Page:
Upon the Tide

Contributed by on 06/01/11

Change is the only true constant. Those who spend their lives at the edge of the sea understand this. The tide comes, and the tide goes, each time changing and renewing the shape of our shores. The beach where I launched my canoe this morning is not the same where I played as a child, though they are in the same place. One can only adapt to the changes, not control them. My people have known this for generations.

And so we were not surprised when the floating forest carrying the white men appeared on our horizon, strange a sight though it was. We are used to the strange gifts the sea leaves on our shores.

They were not our first visitors, though their leaders seemed excited to believe so. There are other islands in these waters, other peoples plying the fishing grounds by canoe and net. Some we trade with, some we ignore, and some – like the mountain folk who once shared our island – we war against.

We showed them no fear, even though some amongst them fired their guns into the water around our canoes. We recognized them as men, not the gods, and though they were strange to look upon we invited them to a mighty feast in our village.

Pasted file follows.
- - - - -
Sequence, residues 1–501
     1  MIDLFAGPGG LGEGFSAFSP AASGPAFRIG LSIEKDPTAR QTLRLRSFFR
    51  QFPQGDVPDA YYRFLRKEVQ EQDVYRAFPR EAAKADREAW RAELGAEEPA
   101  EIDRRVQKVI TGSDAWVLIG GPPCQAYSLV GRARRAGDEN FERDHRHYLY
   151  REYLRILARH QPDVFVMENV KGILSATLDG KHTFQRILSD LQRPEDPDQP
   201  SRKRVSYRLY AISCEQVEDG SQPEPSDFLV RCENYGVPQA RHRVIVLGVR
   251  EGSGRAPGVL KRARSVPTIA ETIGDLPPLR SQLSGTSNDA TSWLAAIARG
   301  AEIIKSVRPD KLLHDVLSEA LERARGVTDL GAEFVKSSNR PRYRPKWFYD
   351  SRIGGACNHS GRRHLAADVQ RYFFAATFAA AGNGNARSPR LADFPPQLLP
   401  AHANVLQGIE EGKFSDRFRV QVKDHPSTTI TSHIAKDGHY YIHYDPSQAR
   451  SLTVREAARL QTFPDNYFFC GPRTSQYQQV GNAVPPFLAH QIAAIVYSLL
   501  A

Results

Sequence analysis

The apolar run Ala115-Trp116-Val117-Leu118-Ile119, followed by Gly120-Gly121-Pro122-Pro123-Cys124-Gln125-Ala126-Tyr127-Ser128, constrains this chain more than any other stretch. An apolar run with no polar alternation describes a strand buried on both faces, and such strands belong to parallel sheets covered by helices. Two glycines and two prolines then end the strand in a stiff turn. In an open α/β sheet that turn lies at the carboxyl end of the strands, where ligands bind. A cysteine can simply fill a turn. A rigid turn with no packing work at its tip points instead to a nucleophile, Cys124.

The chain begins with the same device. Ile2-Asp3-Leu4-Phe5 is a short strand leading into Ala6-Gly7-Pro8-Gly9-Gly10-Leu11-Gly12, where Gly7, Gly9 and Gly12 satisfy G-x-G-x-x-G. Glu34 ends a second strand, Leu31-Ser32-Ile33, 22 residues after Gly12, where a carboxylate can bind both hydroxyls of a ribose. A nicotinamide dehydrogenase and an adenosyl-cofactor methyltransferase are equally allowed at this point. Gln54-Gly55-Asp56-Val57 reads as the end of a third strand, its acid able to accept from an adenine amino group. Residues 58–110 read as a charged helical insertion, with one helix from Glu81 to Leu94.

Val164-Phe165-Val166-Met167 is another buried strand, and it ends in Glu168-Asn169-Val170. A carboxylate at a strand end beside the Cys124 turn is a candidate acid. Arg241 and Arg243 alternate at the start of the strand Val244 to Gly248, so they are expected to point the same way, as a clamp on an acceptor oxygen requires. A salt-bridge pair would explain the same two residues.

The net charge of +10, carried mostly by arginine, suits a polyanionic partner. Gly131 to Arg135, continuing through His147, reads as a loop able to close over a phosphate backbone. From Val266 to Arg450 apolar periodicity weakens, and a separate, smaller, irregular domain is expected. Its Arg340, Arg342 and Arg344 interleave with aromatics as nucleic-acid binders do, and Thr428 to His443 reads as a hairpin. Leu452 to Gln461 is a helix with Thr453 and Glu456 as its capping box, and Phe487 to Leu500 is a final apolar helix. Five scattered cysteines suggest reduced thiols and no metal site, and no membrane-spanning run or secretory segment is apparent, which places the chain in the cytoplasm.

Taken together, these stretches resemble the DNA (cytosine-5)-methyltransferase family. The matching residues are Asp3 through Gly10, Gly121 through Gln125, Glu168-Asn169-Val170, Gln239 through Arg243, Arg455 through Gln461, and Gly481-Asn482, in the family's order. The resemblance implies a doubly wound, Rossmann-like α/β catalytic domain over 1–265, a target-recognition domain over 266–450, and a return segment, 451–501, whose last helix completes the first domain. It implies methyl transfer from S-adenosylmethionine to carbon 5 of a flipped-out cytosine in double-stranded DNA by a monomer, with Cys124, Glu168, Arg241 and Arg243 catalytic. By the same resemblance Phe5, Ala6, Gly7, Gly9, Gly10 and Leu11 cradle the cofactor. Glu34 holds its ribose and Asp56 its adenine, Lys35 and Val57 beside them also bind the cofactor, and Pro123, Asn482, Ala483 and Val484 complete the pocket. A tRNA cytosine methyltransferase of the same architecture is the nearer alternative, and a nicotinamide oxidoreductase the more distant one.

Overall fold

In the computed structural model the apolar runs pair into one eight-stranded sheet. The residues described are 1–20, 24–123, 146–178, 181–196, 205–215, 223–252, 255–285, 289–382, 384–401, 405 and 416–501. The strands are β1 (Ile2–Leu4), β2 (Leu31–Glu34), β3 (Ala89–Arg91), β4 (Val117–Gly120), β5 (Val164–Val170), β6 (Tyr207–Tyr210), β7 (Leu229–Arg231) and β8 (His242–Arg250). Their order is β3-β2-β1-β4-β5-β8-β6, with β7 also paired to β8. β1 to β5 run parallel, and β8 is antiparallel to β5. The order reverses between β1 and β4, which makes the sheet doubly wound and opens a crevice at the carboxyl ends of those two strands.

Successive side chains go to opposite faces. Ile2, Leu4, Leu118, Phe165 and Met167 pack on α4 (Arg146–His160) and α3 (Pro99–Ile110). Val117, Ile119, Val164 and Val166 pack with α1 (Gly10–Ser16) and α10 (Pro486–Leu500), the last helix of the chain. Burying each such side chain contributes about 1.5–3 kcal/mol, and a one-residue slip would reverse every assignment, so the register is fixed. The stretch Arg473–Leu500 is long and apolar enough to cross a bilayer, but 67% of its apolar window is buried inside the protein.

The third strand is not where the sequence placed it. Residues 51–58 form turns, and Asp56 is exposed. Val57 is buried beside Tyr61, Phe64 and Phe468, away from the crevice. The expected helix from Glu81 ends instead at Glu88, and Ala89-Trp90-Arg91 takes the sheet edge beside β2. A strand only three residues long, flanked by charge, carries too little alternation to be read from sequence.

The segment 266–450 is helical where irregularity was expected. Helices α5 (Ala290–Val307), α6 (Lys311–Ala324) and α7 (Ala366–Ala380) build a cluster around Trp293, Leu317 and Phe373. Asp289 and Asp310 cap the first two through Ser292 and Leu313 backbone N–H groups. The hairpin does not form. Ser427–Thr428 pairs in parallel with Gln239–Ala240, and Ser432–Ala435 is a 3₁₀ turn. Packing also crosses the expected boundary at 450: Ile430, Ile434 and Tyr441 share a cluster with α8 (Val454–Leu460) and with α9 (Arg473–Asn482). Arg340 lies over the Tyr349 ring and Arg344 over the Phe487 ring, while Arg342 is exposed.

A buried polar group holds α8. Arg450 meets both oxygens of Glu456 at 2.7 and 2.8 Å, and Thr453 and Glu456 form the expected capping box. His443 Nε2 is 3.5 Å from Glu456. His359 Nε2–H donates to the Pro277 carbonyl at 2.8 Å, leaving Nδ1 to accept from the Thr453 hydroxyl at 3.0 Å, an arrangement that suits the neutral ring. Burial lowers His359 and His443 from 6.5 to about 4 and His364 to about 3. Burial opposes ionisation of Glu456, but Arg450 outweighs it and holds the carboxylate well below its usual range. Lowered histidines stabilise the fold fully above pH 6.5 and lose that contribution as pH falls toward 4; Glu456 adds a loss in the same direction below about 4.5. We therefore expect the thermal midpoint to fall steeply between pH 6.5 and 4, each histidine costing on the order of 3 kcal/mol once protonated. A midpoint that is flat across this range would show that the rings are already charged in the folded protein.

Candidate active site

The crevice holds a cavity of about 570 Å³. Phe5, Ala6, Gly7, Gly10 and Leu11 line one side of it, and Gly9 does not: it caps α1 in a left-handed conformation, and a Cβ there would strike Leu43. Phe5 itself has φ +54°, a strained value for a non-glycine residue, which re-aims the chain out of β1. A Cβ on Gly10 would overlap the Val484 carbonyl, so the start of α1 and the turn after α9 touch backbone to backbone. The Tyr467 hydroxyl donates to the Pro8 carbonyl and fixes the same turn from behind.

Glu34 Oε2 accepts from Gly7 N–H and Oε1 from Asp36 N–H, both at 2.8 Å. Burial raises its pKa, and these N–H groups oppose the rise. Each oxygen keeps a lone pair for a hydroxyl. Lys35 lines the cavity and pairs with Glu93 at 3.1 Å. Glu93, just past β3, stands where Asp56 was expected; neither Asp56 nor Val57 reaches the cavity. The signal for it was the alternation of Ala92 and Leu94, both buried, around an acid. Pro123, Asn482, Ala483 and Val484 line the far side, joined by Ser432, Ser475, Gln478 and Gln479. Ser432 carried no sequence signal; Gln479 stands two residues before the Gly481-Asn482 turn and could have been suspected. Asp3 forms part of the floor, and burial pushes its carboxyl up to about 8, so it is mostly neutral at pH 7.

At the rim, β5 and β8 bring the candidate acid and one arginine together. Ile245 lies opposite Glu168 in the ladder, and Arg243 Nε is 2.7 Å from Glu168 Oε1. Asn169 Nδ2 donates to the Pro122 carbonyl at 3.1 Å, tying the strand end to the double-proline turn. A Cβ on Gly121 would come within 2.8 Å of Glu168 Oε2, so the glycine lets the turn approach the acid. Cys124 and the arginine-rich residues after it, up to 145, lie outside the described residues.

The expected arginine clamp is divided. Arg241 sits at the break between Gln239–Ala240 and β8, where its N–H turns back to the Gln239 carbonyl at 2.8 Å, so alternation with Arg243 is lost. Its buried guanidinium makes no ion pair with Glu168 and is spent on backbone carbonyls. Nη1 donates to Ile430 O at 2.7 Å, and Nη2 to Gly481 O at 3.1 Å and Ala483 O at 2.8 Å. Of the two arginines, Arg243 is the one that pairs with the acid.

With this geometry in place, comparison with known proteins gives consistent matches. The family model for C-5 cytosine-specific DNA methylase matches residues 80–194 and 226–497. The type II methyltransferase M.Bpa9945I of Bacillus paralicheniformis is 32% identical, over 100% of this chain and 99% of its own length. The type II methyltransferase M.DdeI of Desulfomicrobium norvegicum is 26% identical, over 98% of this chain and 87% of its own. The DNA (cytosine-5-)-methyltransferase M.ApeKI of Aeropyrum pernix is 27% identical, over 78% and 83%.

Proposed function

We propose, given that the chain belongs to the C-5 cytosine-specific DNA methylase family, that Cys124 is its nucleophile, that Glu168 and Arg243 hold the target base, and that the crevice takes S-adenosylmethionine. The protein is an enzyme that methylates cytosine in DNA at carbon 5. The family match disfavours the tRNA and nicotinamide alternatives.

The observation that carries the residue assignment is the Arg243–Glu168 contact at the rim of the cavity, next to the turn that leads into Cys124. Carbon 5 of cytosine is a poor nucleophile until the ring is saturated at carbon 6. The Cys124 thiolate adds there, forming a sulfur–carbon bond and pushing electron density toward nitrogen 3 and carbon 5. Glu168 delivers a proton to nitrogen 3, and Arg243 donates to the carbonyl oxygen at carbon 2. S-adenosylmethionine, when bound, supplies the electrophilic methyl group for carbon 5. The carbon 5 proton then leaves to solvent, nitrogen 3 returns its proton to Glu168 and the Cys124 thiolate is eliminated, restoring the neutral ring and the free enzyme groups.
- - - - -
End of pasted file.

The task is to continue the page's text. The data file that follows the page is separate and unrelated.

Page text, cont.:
Yes, I know this word “gun,” though I had never seen one until then. Stories of the white men had reached our island when my father was but a boy himself, tales of their guns and their one god and their skin that burnt in the sun. As a child I imagined them crackling to ash like palm leaves in the summer bonfires, and it disappointed me to see that many of their skins were nearly dark as the wood of their floating forest. Still, some of them peeled like the lizard my second wife keeps in a reed cage.

They were an excitable folk, scurrying about the island, speaking that strange chirping language of theirs. They showed us shiny stones which we did not recognize, asked us in their crude way were they could find more, and grew angry when we did not know. One, dressed all in black, kept trying to show our chief something he called a buhk. Others had trinkets we had no use for, though it calmed them to exchange these for the shell crafts our womenfolk made.

Nothing need be said about the way they treated our womenfolk.

But we are a people proud of our hospitality and our honor, and on the evening of the fifth day of their arrival we built the mighty bonfires and made a gift of our finest palm wine. And when the fires roared high and the white men were drunk on our wine we fell upon them with club and spear and bone knife, each tool of honor blessed by the gods.

We sang our praises in the night, sending them skyward with the smoke and casting them out amongst the waves, for it had been a lean season, and we were grateful for the feast they’d brought to our shores.

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